If you read that in Claptrap’s voice, you’ve probably been waiting for this game as long as I have. The original Borderlands was a breath of fresh air in an era of sequels, even if it was borrowing its endless loot dropping and gear hunting concept from Diablo.
But Borderlands was its own game, an RPG FPS the likes of which had never been seen before, or since, for that matter. The animation was unique, the combat was intense and the story was…well, it had its moments.
As such, Borderlands 2 has been a hugely anticipated title for years now. It’s a co-op game in an era which usually frowns upon such things, especially when split screen is involved. Not only can you play with friends, but it’s what the entire game is designed around. It’s much, much better to play in a group than it is to fly solo.
They could form a girl band.
Unfortunately, it’s just me and my lonesome playing right now. I’m sure a friend or two will pick it up at some point, but this isn’t college where we could all devote eight hours a day whenever we felt like it to pick up and play, like we did with the original.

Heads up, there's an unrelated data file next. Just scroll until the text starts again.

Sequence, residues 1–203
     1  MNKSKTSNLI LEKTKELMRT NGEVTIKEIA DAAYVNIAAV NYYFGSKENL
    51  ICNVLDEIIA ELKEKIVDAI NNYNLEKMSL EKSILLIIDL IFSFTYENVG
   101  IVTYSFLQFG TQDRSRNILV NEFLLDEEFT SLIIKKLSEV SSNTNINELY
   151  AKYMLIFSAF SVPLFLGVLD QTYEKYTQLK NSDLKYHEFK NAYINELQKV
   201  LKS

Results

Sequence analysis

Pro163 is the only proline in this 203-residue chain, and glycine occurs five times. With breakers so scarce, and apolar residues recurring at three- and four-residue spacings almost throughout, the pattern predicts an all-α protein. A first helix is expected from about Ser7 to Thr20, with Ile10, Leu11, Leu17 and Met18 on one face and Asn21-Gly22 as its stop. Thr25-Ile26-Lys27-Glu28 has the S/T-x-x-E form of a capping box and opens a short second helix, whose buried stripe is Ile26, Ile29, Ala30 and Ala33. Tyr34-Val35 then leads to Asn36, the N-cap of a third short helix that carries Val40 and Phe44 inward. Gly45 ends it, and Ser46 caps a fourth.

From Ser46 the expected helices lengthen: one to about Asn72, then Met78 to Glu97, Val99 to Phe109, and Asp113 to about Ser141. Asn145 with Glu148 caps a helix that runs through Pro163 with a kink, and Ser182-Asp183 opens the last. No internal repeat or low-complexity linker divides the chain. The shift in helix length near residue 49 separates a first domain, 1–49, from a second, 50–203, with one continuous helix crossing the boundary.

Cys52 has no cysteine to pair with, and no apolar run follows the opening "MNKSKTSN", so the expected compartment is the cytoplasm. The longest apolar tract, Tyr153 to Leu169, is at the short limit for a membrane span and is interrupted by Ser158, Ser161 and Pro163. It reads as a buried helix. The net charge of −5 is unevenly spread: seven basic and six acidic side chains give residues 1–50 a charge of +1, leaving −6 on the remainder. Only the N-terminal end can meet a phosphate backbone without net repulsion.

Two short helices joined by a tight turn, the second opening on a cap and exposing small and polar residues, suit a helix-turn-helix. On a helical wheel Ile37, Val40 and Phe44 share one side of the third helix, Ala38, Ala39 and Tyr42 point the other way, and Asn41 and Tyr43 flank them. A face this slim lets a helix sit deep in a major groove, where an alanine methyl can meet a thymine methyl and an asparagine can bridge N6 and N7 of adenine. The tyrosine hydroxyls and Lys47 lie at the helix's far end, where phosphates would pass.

As this is a day one analysis of the game, keep in mind that my views will obviously evolve as time goes on. I’m about six or seven hours in so far, and have leveled up my assassin, Zero, to 15 already. If there’s a level cap this time around, I don’t know what it is.
The story is just beginning to take shape, but it’s going decently well so far with a strong villain in the form of Handsome Jack, something the first game lacked. Jack is drilling beneath the surface of Pandora for another lost vault, one with actual treasure in it this time. Probably. Maybe. Well, who knows.